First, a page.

On Reason and Peace

Something we may have to think about as well when we look at the terrible incidents that happened in Norway the last days – I had been re-reading Kant’s Critique of Pure Reason while working on defintional issues of law. I found something that is important enough to be thought about, also as matter of thinking about the connection between ‘managerialism’ (as another form of ‘pure reason’) and the (re-)emergence of (here: Christian) fundamentalism and neo-fascism:

Philosophical cognition, accordingly, regards the particular only in the general; mathematical the general in the particular, nay, in the individual. This is done, however, entirely a priori and by means of pure reason, so that, as this individual figure is determined under certain universal conditions of construction, the object of the conception, to which this individual figure corresponds as its schema, must be cogitated as universally determined.

The essential difference of these two modes of cognition consists, therefore, in this formal quality; it does not regard the difference of the matter or objects of both. Those thinkers who aim at distinguishing philosophy from mathematics by asserting that the former has to do with quality merely, and the latter with quantity, have mistaken the effect for the cause. The reason why mathematical cognition can relate only to quantity is to be found in its form alone. For it is the conception of quantities only that is capable of being constructed, that is, presented a priori in intuition; while qualities cannot be given in any other than an empirical intuition. Hence the cognition of qualities by reason is possible only through conceptions. No one can find an intuition which shall correspond to the conception of reality, except in experience; it cannot be presented to the mind a priori and antecedently to the empirical consciousness of a reality. We can form an intuition, by means of the mere conception of it, of a cone, without the aid of experience; but the colour of the cone we cannot know except from experience. I cannot present an intuition of a cause, except in an example which experience offers to me. Besides, philosophy, as well as mathematics, treats of quantities; as, for example, of totality, infinity, and so on. Mathematics, too, treats of the difference of lines and surfaces—as spaces of different quality, of the continuity of extension—as a quality thereof. But, although in such cases they have a common object, the mode in which reason considers that object is very different in philosophy from what it is in mathematics. The former confines itself to the general conceptions; the latter can do nothing with a mere conception, it hastens to intuition. In this intuition it regards the conception in concreto, not empirically, but in an a priori intuition, which it has constructed; and in which, all the results which follow from the general conditions of the construction of the conception are in all cases valid for the object of the constructed conception.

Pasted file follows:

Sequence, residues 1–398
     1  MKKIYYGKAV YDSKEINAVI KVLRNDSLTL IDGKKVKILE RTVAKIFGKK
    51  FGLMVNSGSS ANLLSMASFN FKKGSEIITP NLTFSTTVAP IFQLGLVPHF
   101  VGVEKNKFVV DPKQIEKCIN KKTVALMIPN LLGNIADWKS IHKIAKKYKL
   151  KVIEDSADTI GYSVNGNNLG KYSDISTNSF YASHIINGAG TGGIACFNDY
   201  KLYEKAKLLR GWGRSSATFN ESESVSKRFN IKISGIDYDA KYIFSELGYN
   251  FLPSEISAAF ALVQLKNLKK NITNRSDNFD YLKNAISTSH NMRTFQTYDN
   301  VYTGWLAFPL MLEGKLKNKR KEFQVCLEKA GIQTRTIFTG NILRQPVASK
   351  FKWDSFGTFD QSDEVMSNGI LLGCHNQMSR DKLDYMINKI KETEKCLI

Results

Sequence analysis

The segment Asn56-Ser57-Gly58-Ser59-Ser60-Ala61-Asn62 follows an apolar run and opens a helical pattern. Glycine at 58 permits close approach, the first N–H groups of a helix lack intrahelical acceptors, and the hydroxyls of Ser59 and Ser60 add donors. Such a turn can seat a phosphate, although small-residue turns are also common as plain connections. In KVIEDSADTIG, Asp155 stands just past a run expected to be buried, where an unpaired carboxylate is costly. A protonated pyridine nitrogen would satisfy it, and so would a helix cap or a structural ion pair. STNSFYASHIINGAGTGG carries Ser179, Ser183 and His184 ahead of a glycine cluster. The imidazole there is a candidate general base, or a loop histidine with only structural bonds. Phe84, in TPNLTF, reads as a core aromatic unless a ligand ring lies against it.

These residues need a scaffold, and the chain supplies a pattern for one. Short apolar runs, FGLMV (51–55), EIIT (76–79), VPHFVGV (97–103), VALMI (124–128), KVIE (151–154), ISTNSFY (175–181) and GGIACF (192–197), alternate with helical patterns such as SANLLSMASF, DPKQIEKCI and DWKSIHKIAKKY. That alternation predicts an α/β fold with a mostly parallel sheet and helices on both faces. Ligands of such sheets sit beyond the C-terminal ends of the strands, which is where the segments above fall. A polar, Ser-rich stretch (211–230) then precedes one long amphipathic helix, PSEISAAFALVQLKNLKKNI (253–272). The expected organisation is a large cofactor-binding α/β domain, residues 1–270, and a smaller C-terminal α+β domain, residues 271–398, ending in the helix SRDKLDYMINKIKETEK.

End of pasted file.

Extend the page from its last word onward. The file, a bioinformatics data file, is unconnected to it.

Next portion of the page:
Kant, Immanuel: Critik der Reinen Vernunft; Zweyte hin und wieder verbesserte Auflage; Riga: Johann Friedrich Hartknoch, 1787 (erste Auflage: 1781); Wiesbaden: Insel Verlag: 1956: 614) (I did not check the English translation reproduced here.)

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  1. […] And still, we come across it again and again – and if we are open enough we see it not so much and not primarily as personalities (and the lack) but also and predominantly as matter of social interests, of social patterns reflecting different interests and powers. Sure, the short version is the individual interest against the interest of social interests. The dissoluteness, set free at a stage where people lost any hope, where they draw back from a society which lost the capacity of providing anything: Like the pure lust of the seven young women and three young men, who wanted to escape the black death, left Florence and emerged in the telling of stories, overcoming the restrictions of a society that lost the power over them, positive and negative, supporting and controlling power … .This apparently generic struggle of the two different patterns of control: instinctive acting on one’s feelings, standing in such detrimental way against society can also be seen the other way round: the oppression of individual lust by a society that actually lost control over itself – I quoted earlier Immanuel Kant and his rejection of pure reason. […]



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